Effectiveness of highly-active antiretroviral therapy by race/ethnicity

Michael J. Silverberg, Scott A. Wegner, Mark J. Milazzo, Rosemary G. McKaig, Carolyn F. Williams, Brian K. Agan, Adam W. Armstrong, Stephen J Gange, Clifton Hawkes, Robert J. O'Connell, Sunil K. Ahuja, Matthew J. Dolan

Research output: Contribution to journalArticle

Abstract

OBJECTIVE: To determine the effectiveness of HAART by race/ethnicity. DESIGN: Prospective multicenter cohort study. METHODS: We studied 991 African-Americans and 911 European-Americans enrolled in the United States Military's Tri-Service AIDS Clinical Consortium Natural History Study who had dates of HIV seroconversion known within 5 years and followed between 1990 and 2002. We determined the rate of disease progression to AIDS and death for subjects in this cohort. Multivariable models evaluated race, pre-HAART (1990-1995) and HAART (1996-2002) eras, age, gender and military service. RESULTS: In the pre-HAART era, African-Americans had a statistically nonsignificant trend towards better outcomes: the relative hazards (RH) of AIDS and death for African-Americans compared to European-Americans were 0.85 [95% confidence interval (CI), 0.68-1.05] and 0.77 (95% CI, 0.55-1.08), respectively. In the HAART era, outcomes were similar by race: 1.17 (95% CI, 0.86-1.61) for AIDS and 1.11 (95% CI, 0.81-1.53) for death with overlapping Kaplan-Meier curves. Relative to the pre-HAART era, the adjusted RH of AIDS in the HAART era was 0.41 (95% CI, 0.31-0.54) and 0.30 (95% CI, 0.22-0.40) for African-American and European-American participants, respectively. Analogous RH for death were 0.55 (95% CI, 0.38-0.80) and 0.38 (95% CI, 0.27-0.54). The precipitous declines in AIDS and death in the HAART era were not statistically different by race. CONCLUSIONS: In a large multi-racial cohort with equal access to health care, HIV treatment outcomes by race/ethnicity were similar.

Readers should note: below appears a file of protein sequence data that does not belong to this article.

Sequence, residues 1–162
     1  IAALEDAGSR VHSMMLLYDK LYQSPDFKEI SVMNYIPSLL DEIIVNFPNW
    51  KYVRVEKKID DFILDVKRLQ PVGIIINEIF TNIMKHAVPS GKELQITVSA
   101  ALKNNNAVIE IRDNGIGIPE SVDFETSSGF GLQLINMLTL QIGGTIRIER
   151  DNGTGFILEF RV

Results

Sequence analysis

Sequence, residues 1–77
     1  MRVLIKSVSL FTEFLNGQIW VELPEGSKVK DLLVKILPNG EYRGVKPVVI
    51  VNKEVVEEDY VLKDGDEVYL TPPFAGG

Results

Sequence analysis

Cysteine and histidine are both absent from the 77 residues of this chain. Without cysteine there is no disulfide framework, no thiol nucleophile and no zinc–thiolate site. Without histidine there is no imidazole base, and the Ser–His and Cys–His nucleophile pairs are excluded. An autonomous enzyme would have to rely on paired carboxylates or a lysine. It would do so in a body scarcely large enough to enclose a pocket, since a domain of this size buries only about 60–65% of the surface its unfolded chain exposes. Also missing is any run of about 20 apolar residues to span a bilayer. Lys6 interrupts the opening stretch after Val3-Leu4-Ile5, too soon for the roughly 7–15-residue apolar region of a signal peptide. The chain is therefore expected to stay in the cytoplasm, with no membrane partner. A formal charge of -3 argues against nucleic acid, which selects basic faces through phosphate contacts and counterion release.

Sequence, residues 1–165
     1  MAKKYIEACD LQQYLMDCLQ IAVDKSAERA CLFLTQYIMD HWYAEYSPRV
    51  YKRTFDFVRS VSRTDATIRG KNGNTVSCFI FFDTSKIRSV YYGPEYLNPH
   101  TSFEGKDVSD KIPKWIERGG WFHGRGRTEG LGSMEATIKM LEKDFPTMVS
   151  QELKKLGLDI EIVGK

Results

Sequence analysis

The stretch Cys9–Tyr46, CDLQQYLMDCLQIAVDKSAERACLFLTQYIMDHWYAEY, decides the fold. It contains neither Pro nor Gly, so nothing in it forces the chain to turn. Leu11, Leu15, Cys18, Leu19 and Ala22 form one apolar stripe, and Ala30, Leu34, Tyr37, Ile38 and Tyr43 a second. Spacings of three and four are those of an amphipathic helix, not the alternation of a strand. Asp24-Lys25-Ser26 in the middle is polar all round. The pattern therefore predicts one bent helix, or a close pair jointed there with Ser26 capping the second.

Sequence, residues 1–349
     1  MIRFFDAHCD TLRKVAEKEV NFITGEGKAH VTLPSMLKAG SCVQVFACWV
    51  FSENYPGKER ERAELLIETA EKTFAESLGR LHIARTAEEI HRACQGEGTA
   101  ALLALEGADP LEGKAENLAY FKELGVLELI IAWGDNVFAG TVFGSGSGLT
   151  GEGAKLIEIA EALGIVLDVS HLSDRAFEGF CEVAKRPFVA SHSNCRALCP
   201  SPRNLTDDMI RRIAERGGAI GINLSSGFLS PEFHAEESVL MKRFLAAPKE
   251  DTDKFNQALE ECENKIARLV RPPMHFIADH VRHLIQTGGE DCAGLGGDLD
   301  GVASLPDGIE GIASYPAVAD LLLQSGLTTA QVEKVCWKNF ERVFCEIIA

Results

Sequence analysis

Original languageEnglish (US)
Pages (from-to)1531-1538
Number of pages8
JournalAIDS
Volume20
Issue number11
DOIs
StatePublished - Jul 2006

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Highly Active Antiretroviral Therapy
Confidence Intervals
Acquired Immunodeficiency Syndrome
African Americans
HIV Seropositivity
Health Services Accessibility
Natural History
Multicenter Studies
Disease Progression
Cohort Studies
HIV

Keywords

  • AIDS
  • Effectiveness
  • Highly-active antiretroviral therapy
  • HIV seroconversion
  • Race/ethnicity
  • Survival

ASJC Scopus subject areas

  • Immunology and Allergy
  • Immunology

Cite this

Silverberg, M. J., Wegner, S. A., Milazzo, M. J., McKaig, R. G., Williams, C. F., Agan, B. K., ... Dolan, M. J. (2006). Effectiveness of highly-active antiretroviral therapy by race/ethnicity. AIDS, 20(11), 1531-1538. https://doi.org/10.1097/01.aids.0000237369.41617.0f

Effectiveness of highly-active antiretroviral therapy by race/ethnicity. / Silverberg, Michael J.; Wegner, Scott A.; Milazzo, Mark J.; McKaig, Rosemary G.; Williams, Carolyn F.; Agan, Brian K.; Armstrong, Adam W.; Gange, Stephen J; Hawkes, Clifton; O'Connell, Robert J.; Ahuja, Sunil K.; Dolan, Matthew J.

In: AIDS, Vol. 20, No. 11, 07.2006, p. 1531-1538.

Research output: Contribution to journalArticle

Silverberg, MJ, Wegner, SA, Milazzo, MJ, McKaig, RG, Williams, CF, Agan, BK, Armstrong, AW, Gange, SJ, Hawkes, C, O'Connell, RJ, Ahuja, SK & Dolan, MJ 2006, 'Effectiveness of highly-active antiretroviral therapy by race/ethnicity', AIDS, vol. 20, no. 11, pp. 1531-1538. https://doi.org/10.1097/01.aids.0000237369.41617.0f
Silverberg MJ, Wegner SA, Milazzo MJ, McKaig RG, Williams CF, Agan BK et al. Effectiveness of highly-active antiretroviral therapy by race/ethnicity. AIDS. 2006 Jul;20(11):1531-1538. https://doi.org/10.1097/01.aids.0000237369.41617.0f
Silverberg, Michael J. ; Wegner, Scott A. ; Milazzo, Mark J. ; McKaig, Rosemary G. ; Williams, Carolyn F. ; Agan, Brian K. ; Armstrong, Adam W. ; Gange, Stephen J ; Hawkes, Clifton ; O'Connell, Robert J. ; Ahuja, Sunil K. ; Dolan, Matthew J. / Effectiveness of highly-active antiretroviral therapy by race/ethnicity. In: AIDS. 2006 ; Vol. 20, No. 11. pp. 1531-1538.